Investments in clean energy are at an all-time high, a staggering USD 329 billion. 2015 was the first time that investments in renewable energy were higher in developing countries than developed ones.
Over the past decade, renewables have grown as a share of total power generation with a six-fold increase in non-hydro renewables.
Prices are at some of all-time lows and likely to go lower. And just in the past few months alone, the CIF has approved 300 million dollars in solar energy for India.
All this progress takes place – worryingly - against a backdrop of worsening news on the impact of climate change. According to a recent study, global warming could lead to a disintegration of the West Antarctic ice sheet – an area larger than Mexico - within decades, causing sea-levels to rise by as much as three feet by 2100. That’s much sooner than that predicted even just a few years ago. These findings once again prove that climate change poses a major threat and will require a response at an unprecedented scale.
Energy and transport systems, with their current infrastructure needs, are crucial sectors in terms of their potential to reduce emissions and limit temperature in our warming world. However, large scales of investments are needed in the two sectors to not just help scale up existing clean technologies but also develop new ones.
Whether its printable solar panels in Australia, water pumps powered by the sun in Africa or wind turbines fitted onto the Eiffel Tower in Paris, there are examples all over the world of climate-smart innovation as the new normal. As for transport, with the current advances in electric vehicles, the growing demand (not just for the much publicized Tesla’s Model 3) and coalitions of the public and private sector showing leadership, momentum is building.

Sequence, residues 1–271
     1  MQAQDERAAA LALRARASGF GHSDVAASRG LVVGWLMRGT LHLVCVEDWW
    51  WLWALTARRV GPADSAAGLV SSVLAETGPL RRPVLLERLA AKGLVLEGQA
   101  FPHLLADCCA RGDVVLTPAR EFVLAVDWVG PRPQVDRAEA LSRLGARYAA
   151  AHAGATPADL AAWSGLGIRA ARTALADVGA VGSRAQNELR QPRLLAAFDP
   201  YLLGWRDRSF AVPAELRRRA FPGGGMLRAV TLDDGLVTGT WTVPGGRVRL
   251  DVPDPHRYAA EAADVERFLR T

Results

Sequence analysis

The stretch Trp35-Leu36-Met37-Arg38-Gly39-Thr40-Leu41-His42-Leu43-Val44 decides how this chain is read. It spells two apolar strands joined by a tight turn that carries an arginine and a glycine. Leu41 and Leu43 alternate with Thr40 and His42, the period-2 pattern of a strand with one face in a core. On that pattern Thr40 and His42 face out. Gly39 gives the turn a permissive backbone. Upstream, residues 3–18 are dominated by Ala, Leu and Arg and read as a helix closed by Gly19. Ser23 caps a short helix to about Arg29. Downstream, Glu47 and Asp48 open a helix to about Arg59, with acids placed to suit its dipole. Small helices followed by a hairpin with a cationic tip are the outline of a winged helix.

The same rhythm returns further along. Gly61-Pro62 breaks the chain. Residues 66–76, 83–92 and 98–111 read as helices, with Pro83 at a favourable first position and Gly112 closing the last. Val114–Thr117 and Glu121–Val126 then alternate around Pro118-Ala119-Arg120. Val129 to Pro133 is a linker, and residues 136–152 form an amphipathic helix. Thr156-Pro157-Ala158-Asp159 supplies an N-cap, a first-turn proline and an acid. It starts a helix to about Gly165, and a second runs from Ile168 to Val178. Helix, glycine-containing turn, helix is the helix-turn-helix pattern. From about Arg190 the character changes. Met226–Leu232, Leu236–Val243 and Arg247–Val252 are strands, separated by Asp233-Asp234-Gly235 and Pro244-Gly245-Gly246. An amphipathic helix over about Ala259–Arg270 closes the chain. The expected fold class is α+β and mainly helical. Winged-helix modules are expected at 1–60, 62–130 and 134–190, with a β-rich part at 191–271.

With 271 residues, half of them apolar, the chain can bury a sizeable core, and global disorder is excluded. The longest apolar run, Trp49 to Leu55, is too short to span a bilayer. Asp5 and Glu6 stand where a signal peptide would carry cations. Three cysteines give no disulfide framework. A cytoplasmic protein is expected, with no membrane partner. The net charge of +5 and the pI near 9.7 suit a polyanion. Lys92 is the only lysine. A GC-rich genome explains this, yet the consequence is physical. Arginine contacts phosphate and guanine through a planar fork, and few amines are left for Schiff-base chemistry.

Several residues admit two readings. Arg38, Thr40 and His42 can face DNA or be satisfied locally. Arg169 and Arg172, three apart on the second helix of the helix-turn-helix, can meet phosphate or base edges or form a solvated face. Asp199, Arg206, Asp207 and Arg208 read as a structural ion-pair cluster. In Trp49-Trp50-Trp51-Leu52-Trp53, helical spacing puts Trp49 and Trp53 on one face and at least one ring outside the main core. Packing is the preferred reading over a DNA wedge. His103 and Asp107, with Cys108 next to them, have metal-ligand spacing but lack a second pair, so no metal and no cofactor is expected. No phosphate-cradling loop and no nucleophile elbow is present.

But much more is needed. While there is clearly a demand for long-term, affordable financing, in an era of competing priorities – be it the refugee crisis, global economic challenges, health pandemics or new crises – resources are scarce and must be used in the most efficient manner. While a portion of these resources must be concessional and affordable, a larger share has to be mobilized through private sources so as to achieve the maximum possible impact.
Thankfully we know what is required to accelerate the shift towards cleaner energy. Here are three key ingredients that should be considered while designing a financing framework to support low carbon development:
Leveraging the private sector: Public finance, through the use of instruments that target specific risks such as early stage risk, or support new business models should be used to mobilize private sector funds. This not only helps alleviate key barriers but also bridges the financing gap for technologies with high upfront costs. As well as supporting tested technologies such as wind and solar PV to scale up, it can help innovative solutions on the brink of commercialization such as energy storage or geothermal.
Enabling environment: Some of the largest multinational companies with the deepest pockets can be hesitant to participate in certain markets due to a lack of predictable policy and regulatory framework at a sectoral and/ or a country-level. Using public money to influence and help with the development of supporting policies will help create an enabling environment that facilitates private sector participation and the flow of commercial capital - and in the process create a market which will push further deployment.
Knowledge sharing: One of the biggest barriers in the development of low carbon technologies is lack of knowledge and information. This is true not just for under-developed or developing countries but also some of the largest companies that lack the know-how to work in particular challenging contexts. New partnerships must be forged and experiences shared in order to learn and leverage lessons. Time and again, it has been proved that this reduces costs, builds capacity and, again, helps develop markets.
Essentially what’s needed is an exponentially higher degree of scaling up of the known and innovation of the unknown. Only such levels of ambition can put us on the right path to tackle the urgent challenges posed by a changing climate.